Definitions for fadoˈfɑ du, -doʊ
This page provides all possible meanings and translations of the word fado
Random House Webster's College Dictionary
fa•doˈfɑ du, -doʊ(n.)(pl.)-dos.
a Portuguese folk song that is typically of doleful or fatalistic character.
Category: Common Vocabulary, Music and Dance
Origin of fado:
1900–05; < Pg < L fatumfate
a sad Portuguese folksong
A Portuguese folk song, usually featuring a single vocalist, Portuguese guitar and sometimes classical guitar. Lyrical themes are often melancholic in nature; the structure of the song is of greater importance.
Origin: From fado, from fatum.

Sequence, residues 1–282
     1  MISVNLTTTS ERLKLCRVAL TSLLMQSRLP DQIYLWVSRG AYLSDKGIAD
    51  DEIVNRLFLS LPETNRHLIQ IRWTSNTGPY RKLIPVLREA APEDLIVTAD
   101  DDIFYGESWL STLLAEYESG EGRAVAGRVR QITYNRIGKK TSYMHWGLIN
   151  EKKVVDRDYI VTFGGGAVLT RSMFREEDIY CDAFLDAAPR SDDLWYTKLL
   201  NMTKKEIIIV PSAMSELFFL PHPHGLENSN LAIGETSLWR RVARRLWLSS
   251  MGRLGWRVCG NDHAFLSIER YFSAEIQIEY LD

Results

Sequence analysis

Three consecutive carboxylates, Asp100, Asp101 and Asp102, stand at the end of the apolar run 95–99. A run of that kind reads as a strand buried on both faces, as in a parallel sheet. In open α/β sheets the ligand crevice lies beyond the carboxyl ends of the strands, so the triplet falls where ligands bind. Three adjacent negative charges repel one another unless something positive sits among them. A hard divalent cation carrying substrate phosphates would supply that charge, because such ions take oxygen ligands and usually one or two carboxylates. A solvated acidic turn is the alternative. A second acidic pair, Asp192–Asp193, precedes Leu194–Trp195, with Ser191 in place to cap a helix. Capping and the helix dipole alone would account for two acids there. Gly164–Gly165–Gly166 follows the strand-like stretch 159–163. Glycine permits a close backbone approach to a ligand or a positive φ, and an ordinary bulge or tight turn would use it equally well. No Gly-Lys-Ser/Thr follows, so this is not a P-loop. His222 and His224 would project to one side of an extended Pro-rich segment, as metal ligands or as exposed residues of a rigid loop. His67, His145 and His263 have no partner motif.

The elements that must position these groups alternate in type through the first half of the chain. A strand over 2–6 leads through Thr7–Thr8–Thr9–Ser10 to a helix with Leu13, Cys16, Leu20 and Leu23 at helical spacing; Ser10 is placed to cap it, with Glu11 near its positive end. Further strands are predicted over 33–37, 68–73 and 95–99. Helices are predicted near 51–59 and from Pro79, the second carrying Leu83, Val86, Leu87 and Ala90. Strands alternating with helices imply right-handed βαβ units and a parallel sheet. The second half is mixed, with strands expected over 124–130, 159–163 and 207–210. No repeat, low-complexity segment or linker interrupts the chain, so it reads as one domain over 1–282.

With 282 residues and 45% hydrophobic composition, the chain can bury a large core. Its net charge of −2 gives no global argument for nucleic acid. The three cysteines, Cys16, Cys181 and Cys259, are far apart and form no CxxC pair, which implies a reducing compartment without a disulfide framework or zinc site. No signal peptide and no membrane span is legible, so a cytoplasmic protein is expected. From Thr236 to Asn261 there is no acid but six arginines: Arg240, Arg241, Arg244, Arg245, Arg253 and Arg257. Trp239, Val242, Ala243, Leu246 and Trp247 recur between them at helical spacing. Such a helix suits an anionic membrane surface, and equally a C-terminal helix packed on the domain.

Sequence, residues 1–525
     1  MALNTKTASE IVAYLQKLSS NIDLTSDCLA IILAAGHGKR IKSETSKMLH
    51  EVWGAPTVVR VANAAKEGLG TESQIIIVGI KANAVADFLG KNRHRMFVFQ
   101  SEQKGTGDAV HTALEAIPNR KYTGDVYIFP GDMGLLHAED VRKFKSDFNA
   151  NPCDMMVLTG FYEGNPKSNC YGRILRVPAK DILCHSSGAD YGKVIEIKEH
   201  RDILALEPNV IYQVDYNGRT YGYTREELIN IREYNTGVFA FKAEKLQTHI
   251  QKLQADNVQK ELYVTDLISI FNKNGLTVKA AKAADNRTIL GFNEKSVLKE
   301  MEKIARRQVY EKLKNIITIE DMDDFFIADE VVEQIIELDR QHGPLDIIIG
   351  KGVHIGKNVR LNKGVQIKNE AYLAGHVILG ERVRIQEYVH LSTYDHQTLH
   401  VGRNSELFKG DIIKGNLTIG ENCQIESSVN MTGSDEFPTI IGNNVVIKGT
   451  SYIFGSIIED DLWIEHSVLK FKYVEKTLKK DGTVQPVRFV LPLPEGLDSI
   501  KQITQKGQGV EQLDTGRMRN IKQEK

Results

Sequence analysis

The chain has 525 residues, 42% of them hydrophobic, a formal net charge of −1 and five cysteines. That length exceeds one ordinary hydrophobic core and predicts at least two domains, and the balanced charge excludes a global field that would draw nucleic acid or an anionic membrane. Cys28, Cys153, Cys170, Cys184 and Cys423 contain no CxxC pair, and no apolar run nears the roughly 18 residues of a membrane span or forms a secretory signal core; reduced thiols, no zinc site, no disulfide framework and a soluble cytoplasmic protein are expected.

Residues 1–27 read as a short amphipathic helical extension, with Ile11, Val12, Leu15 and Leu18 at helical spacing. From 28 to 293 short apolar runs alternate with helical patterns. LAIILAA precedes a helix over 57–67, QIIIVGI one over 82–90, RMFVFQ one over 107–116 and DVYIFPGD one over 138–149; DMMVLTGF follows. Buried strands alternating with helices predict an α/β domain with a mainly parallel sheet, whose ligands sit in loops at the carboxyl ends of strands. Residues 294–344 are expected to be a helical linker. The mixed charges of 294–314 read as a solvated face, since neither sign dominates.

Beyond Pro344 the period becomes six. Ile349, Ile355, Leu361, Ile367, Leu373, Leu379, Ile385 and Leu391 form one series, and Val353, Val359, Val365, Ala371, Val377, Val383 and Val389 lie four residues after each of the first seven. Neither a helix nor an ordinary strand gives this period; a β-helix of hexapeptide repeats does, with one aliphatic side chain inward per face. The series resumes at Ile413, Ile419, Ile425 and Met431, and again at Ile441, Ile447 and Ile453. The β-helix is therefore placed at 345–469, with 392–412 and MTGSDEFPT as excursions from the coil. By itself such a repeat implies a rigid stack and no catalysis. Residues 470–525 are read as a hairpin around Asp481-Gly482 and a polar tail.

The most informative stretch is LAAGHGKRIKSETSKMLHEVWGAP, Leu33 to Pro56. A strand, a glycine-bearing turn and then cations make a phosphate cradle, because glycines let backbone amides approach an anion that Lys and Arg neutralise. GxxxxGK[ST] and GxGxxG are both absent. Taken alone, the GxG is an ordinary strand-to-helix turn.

Fado is a music genre which can be traced to the 1820s in Portugal, but probably with much earlier origins. Fado historian and scholar Rui Vieira Nery states that "the only reliable information on the history of Fado was orally transmitted and goes back to the 1820s and 1830s at best. But even that information was frequently modified within the generational transmission process that made it reach us today." In popular belief, fado is a form of music characterized by mournful tunes and lyrics, often about the sea or the life of the poor, and infused with a characteristic sentiment of resignation, fatefulness and melancholia. However, although the origins are difficult to trace, today fado is regarded, by many, as simply a form of song which can be about anything, but must follow a certain structure. The music is usually linked to the Portuguese word saudade which symbolizes the feeling of loss. Famous singers of fado include Amália Rodrigues, Carlos do Carmo, Mariza, Mafalda Arnauth, Ana Moura and Cristina Branco. On 27 November 2011, Fado was inscribed in the UNESCO Intangible Cultural Heritage Lists.
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